“The book is essentially broken into three parts,” Vincent, who works as counsel for ExxonMobil, said by email. “The first part highlights background information and statistics, identifies myths and stereotypes that exist, and features the key corporate leadership findings. The second part takes apart the nine essential techniques to lead effectively and tailors them to women practicing law. The third part, and my favorite, features interviews with women leaders that have a law degree as well as preeminent judges in America and closes with Total Leadership Makeover, which applies the techniques to real women practicing law to help them achieve the next step in their career.”

The book will premiere at the ABA Annual Meeting on Aug. 9 in San Francisco and will be available for purchase on the ABA website and, eventually, on Amazon, Vincent said.

State Bar of Texas Lawyer Referral and Information Service

For San Antonio attorney Rafael Baca, the State Bar Lawyer Referral and Information Service (LRIS) provides opportunities for him to help and talk to people from all areas of the state. “Most of the time they are people in the smaller parts of Texas,” said Baca, who practices intellectual property law. “I enjoy helping people. They just need a little guidance that is always greatly appreciated.”

Baca said he receives two to three referrals a month from LRIS, which serves the dual purpose of helping Texans find a lawyer and assisting attorneys in building their practices. The phone- and website-based LRIS generates thousands of public inquiries every month from more than 240 counties across Texas where there is no local lawyer referral program. The program does not include Bexar, Dallas, El Paso, Harris, Jefferson, Nueces, Tarrant, and Travis counties, which all are covered by local referral programs.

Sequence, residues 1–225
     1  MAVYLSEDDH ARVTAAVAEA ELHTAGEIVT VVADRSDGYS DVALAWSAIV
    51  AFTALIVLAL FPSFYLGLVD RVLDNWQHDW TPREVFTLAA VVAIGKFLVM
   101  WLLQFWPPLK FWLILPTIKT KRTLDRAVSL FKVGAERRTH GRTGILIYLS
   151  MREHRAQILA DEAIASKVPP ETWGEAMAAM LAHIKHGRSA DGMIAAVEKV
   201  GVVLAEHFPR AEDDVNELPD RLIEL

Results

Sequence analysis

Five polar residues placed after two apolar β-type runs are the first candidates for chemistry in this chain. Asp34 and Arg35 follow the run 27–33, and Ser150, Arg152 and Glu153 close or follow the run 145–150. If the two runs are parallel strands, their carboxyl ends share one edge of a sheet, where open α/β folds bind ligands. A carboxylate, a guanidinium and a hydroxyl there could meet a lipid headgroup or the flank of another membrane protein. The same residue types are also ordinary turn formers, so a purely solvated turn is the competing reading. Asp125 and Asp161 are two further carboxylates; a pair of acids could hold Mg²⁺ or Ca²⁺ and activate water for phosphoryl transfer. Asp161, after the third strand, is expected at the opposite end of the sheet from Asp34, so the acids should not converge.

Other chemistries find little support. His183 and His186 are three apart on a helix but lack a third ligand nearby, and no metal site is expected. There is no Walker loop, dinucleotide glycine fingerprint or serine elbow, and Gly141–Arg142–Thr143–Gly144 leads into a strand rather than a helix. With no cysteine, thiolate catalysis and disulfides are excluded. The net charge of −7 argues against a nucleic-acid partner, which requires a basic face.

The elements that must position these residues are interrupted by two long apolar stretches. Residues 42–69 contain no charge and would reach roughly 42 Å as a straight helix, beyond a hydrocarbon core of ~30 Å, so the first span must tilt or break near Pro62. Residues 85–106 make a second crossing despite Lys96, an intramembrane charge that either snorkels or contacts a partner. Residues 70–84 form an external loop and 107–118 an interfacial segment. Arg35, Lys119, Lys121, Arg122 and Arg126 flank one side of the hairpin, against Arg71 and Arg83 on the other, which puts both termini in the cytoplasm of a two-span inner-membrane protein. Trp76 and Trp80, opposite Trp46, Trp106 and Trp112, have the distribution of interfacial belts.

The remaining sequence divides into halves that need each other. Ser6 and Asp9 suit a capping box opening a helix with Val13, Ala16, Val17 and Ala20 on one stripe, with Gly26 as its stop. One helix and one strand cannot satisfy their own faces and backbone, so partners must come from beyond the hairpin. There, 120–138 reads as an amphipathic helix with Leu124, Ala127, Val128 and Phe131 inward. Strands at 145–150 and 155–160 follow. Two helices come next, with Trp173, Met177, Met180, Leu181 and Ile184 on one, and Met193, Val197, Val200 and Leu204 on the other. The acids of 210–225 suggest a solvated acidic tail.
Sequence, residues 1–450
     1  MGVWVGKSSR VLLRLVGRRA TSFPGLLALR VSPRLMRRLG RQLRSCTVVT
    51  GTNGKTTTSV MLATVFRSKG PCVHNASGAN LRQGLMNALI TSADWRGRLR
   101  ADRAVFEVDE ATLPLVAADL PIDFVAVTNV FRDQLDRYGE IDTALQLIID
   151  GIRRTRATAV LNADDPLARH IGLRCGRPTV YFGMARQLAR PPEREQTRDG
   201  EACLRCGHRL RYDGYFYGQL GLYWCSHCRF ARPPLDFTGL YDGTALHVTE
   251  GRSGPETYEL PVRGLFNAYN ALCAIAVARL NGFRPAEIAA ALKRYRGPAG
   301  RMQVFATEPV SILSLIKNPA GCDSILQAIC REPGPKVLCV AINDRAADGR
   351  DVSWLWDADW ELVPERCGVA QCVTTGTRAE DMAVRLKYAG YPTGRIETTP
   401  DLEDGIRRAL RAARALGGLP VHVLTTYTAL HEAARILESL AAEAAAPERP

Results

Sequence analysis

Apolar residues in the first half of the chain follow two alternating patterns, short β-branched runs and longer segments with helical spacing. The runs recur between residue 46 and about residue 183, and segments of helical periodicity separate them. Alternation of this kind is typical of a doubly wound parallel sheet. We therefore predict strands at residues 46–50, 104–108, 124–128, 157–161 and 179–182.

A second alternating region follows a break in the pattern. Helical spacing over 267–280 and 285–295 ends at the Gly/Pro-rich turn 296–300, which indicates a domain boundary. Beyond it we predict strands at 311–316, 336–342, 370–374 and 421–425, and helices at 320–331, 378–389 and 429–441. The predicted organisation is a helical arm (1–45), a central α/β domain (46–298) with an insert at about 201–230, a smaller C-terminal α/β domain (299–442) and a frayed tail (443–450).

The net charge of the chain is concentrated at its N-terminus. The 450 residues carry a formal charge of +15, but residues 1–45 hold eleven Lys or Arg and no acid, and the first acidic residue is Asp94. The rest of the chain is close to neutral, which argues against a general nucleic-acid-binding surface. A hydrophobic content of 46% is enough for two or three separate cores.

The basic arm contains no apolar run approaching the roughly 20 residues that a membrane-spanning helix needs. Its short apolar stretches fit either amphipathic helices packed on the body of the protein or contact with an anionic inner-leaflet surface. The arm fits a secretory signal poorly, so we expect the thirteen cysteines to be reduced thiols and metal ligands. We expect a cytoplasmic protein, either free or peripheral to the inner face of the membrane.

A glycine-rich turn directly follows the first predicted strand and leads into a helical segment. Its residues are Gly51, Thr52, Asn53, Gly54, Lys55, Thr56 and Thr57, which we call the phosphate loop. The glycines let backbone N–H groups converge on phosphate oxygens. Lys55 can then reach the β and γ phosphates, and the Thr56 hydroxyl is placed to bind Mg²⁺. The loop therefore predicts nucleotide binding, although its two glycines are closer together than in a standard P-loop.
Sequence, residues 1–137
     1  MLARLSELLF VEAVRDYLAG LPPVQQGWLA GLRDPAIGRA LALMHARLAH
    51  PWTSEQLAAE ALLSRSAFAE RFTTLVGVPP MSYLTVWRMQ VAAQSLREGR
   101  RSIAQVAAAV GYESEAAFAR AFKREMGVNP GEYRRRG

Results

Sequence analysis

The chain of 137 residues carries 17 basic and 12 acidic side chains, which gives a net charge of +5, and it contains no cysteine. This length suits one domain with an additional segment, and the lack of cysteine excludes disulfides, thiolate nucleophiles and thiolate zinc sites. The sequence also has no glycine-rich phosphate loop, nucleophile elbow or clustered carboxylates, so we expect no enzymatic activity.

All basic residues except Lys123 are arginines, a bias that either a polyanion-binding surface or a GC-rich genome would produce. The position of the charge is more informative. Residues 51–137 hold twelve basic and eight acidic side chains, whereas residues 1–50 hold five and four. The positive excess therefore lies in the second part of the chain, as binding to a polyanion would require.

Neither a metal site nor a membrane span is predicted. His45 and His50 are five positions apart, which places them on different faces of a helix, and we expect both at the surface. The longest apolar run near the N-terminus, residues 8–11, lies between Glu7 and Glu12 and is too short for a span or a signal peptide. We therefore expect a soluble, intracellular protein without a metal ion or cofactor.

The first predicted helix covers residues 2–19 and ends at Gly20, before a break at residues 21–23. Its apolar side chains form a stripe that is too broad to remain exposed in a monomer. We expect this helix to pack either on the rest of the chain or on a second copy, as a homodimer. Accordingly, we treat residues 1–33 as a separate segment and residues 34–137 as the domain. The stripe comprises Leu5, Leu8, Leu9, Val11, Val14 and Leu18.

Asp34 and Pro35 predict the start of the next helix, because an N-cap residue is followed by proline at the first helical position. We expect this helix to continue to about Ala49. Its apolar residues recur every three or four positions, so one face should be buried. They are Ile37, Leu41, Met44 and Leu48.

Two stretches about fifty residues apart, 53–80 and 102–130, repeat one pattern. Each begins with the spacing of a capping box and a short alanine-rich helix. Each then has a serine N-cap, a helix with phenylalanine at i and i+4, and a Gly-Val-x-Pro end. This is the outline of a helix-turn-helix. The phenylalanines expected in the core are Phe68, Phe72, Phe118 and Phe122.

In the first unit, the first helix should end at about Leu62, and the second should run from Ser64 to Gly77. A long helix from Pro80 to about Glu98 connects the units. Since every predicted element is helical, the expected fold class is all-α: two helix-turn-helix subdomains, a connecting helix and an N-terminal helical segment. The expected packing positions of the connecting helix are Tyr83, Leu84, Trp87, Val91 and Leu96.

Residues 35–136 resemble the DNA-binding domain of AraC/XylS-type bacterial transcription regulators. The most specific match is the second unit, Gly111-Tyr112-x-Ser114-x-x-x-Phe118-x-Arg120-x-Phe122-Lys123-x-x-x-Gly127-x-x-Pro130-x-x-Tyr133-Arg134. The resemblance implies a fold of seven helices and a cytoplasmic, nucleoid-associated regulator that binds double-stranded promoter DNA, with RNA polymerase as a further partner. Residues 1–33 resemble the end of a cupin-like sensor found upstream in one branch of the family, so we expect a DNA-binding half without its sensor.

Baca is a member of the San Antonio Bar referral service, but he also joined the State Bar program to get referrals from outside Bexar County. “The State Bar referrals, for the most part, include a broader mix of intellectual property issues,” he said. “Even people who are not a match … I still enjoy our visit."

Lawyers who participate in LRIS agree to provide all referral clients an initial consultation of up to 30 minutes for no more than $20, a fee which the attorneys keep.

If the lawyer and client agree to continue with the case, the attorney’s standard fees apply for the services provided. Ten percent of total fees are remitted back to LRIS in cases that generate attorney’s fees of $500 or more.

LRIS made 60,965 referrals during 2011–12, including 3,832 from the online system. Overall, 40 percent went to LRIS panel members, 35 percent to local referral services, and 25 percent to other resources.